8 examples for setting professional development goals at work

April 8, 2022 - 11 min read

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1. Do an audit of your performance reviews and assess feedback 

2. Complete a leadership training course

3. Align with company goals 

4. Gain upward feedback

5. Improve presentation skills

6. Gain a more in-depth perspective of how departments within the company are run

7. Improve the ability to manage the team remotely

8. Learn how to give and receive effective feedback

Goals are important to keep productivity levels up at work. But setting goals shouldn’t stop at things to accomplish on a weekly, monthly, or quarterly basis.

You should be setting goals that revolve around your development in the workplace, allowing you to progress professionally — and if you're a manager — supporting your team's development.

Great goal-setting means you can take steps towards improving any aspect of work that’s relevant and specific to you, building on professional knowledge, skills, and effective working practices. 

Goal-setting may be supported at the company level, depending on the current priorities and your HR maturity level, but is also something you can take control of yourself.

While your goals should be tailored to your personal aims and needs, we’ve put together seven examples to give you an idea of some great, SMART development goals which will help push you towards success and the professional accomplishments you’re striving for.

1. Do an audit of your performance reviews and assess feedback 

Part of making the performance review process effective is turning the feedback you receive into goals, so you can be more focused on your work, advance your career, and develop professionally.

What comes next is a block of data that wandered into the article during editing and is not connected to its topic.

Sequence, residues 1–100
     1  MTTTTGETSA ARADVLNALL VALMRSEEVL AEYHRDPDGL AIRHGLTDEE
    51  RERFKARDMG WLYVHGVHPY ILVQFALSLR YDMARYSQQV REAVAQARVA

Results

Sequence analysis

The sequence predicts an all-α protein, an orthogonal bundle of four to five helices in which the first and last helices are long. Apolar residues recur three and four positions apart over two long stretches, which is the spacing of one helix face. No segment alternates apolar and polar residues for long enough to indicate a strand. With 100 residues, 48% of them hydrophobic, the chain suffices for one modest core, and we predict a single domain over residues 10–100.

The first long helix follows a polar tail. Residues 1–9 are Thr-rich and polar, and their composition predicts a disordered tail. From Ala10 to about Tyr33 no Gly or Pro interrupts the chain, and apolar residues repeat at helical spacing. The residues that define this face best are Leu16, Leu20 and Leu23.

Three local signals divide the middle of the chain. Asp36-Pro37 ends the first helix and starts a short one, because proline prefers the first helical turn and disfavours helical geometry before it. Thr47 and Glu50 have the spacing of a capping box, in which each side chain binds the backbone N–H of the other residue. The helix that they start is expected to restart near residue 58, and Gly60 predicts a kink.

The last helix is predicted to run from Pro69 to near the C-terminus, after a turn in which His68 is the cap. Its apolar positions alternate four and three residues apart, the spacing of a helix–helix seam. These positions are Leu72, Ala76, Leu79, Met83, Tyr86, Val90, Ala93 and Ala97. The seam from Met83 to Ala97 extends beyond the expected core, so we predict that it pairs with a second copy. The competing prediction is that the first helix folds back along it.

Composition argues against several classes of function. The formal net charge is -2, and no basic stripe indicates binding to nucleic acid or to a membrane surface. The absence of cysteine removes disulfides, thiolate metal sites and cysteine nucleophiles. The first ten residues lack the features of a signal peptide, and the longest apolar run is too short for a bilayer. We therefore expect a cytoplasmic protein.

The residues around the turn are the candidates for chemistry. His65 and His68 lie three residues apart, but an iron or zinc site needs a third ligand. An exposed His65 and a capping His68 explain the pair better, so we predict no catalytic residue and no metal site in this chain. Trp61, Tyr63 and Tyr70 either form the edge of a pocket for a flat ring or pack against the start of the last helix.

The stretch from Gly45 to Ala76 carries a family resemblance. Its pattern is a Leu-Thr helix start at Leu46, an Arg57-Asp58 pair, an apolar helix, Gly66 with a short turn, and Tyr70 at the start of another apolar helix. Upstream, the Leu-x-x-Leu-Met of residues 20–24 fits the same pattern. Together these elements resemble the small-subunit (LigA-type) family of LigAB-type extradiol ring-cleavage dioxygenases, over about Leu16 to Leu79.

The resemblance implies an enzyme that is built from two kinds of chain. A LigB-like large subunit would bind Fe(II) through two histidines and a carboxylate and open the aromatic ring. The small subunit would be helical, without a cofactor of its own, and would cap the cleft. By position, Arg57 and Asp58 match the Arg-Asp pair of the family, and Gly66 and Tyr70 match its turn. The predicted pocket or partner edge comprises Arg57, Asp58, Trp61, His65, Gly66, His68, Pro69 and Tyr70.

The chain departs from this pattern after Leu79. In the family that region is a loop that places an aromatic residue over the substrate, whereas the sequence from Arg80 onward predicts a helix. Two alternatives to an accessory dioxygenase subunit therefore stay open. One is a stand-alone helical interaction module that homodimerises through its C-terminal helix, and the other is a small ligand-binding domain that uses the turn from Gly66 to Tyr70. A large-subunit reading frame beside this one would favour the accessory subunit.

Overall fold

As you look through feedback you’ve previously received, try to identify patterns that point to potential areas for growth. These can include areas where you’re struggling (such as time management), or skills you’re regularly praised for that you’d like to master. It can be anything from specific skills, behaviors, or processes.

If you’re still struggling after going through past feedback and team goals, look at the bigger picture. If not already clear, talk to your manager to understand what your organization’s goals are, and how you can contribute. If you’re really keen, you could even talk to someone in HR to see if there are any extra-curricular initiatives you can get involved in. 

2. Complete a leadership training course before the end of the quarter

Part of professional development is continuing to learn new skills and practices, at any stage in your career. Sometimes enrolling in courses or training programs is an invaluable way to gain the skills or knowledge you need to develop in your role and improve in specific practices.

Learning new things doesn’t necessarily have to be a formal process though. Development goals can be as easy as gaining more knowledge about something. 

3. Align with company goals 

If you’re still struggling after going through past feedback and team goals, look at the bigger picture. If not already clear, talk to your manager to understand what your organization’s goals are, and how you can contribute.

If you’re really keen, you could even talk to someone in HR to see if there are any extra-curricular initiatives you can get involved in. Here's one example of creating a goal laddered up to a larger company goal: 

Company goal: Increase revenue from recurring customers by 15% for the financial year.

Personal goal: Create new onboarding material for existing customers, to increase their satisfaction and support a positive onboarding experience.

Milestones: Develop two concepts and test them with small focus groups. Pick and develop the winning concept. Roll out new material to all new customers.

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4. Gain upward feedback before the end of the quarter to establish what can be improved

Receiving honest, constructive feedback shouldn’t just be a top-down process, especially with such tools available to facilitate this these days. Gathering your team's perspective is a great way to see how your behaviors and practices impact those around you.